Researchers at The Ohio State University say that they have identified microglia—immune cells of the central nervous system—as playing a key role in the development of concentration and memory problems in patients who have received the chemotherapy paclitaxel, a condition often referred to as “chemo brain.”
The team built upon previous research in mice which showed female mice given paclitaxel exhibited memory problem linked to inflammation in the brain, while those give a placebo did not develop these symptoms. Paclitaxel is a common therapeutic agent in the treatment of a range of cancers including breast cancer and ovarian cancer.
For the new study, published recently in the journal Brain, Behavior and Immunity, the researchers sued a technique to delete microglia from the braind of mice that received paclitaxel. Removing these immune cells lowered brain inflammation in the mice and restored their memory after receiving the treatment.
“We demonstrated that microglia were necessary for the cognitive impairments we’ve seen with paclitaxel – the behavior was reversed,” said senior author Leah Pyter, associate professor of psychiatry and behavioral health in Ohio State’s College of Medicine. “When we got rid of those microglia, it was associated with a reduction in the inflammatory response to chemo,” said Pyter, “So we think that when microglia are activated and become pro-inflammatory, that’s what is ultimately affecting neurons to impair memory.”
Chemotherapy works by killing cancer cells, but it also kills dividing cells, and the resulting immune system response to clean-up the debris left behind is thought to be the driving of inflammation. Pyter’s team anticipates that inflammatory cells in the rest of the body send signals to the microglia to become pro-inflammatory in the brain and that those signals interact with the blood-brain barrier. Understanding this activity provides potential targets for developing ways to stave off chemo brain.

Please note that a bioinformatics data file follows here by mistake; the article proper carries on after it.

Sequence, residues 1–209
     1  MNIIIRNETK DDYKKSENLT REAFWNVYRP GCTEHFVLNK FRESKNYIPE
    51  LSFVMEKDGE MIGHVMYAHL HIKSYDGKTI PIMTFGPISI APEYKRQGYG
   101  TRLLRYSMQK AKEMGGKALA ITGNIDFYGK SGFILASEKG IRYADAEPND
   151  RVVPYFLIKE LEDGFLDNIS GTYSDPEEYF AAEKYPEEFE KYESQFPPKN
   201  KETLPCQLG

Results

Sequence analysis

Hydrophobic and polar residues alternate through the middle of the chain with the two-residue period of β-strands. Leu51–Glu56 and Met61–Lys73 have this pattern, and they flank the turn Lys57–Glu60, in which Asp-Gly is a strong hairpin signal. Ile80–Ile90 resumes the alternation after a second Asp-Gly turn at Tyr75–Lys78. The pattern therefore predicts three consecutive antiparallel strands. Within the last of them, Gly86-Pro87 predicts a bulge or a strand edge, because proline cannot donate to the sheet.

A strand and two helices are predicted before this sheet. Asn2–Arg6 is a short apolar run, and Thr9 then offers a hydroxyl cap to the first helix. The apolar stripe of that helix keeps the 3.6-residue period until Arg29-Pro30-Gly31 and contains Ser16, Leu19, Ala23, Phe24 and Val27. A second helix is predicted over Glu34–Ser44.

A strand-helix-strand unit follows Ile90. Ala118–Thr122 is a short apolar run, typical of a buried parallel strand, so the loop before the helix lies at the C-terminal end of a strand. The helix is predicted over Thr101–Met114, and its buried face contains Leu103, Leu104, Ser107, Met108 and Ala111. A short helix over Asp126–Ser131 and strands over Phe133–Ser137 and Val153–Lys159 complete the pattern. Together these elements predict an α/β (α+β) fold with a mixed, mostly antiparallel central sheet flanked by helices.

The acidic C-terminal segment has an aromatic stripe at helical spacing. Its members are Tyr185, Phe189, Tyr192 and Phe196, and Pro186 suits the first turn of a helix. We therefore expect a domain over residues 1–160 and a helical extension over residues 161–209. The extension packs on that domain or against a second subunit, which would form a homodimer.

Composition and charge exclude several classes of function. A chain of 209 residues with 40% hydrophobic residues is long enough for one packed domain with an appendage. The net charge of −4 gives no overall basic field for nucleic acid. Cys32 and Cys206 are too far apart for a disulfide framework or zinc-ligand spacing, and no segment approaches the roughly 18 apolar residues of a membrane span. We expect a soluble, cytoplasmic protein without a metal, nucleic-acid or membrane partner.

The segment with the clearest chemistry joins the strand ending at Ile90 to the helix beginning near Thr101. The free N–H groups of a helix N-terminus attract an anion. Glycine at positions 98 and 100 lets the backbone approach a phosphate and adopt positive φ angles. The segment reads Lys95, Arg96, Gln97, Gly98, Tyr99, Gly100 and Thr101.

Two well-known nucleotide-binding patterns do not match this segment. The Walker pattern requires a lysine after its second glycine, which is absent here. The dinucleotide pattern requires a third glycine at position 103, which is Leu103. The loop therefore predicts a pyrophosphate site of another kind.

The researchers point out that identifying chemotherapy side effects, and the cells and pathways involved, in animal studies is a first step toward proposing potential interventions that could lessen the impact paclitaxel has on the body and brain. “We should always be trying to get to more targeted treatments. And the first step of that is to understand who the major players are,” Pyter said. “As we look for potential targets for intervention, we have to keep in mind that cancer patients need their peripheral immune systems intact to respond to tumor cells and get rid of them.”
In this recent study, the mice used did not have cancer, but were six cycles of either paclitaxel or placebo. In the mice given the chemotherapy, both microglia and astrocytes (which also play a role in immune function) were activated in the hippocampus. Comparing the two sets of mice, the researchers found that compared to the placebo group, the mice receiving the chemo drug had microglia that both produced more pro-inflammatory proteins and suppressed an important protein that supports cognition-related neuron health.
The researchers then added to the mice’s food an experimental drug to inhibits a substance that microglia in mice need for survival to deplete microglia in their brains. The chemo-treated mice with normal brain immune cell levels displayed memory problems, while the mice whose microglia was depleted had their memory restored. Drugs similar to the one used in the study to deplete the microglia have been used in patient receiving paclitaxel to target other types of immune cells suggesting that their use might be beneficial to humans for the temprorary clearing of microglia.
Pyter also noted that the new research may suggest there are longer term cognitive effects from the chemotherapy since microglia have a long life relative to other immune cells and don’t frequently repopulate.
“Microglia are always there—they’re very dynamic and they’re trolling for issues. They might look completely normal until they’re activated, and then their response to that activation can be very abnormal,” she said. “We’re using chemo as a hypothesized way to activate them. But say a cancer patient receives and finishes chemo. But later, they have surgery or a huge stressor in their life – that will reactivate those cells and they might respond oddly later in life.”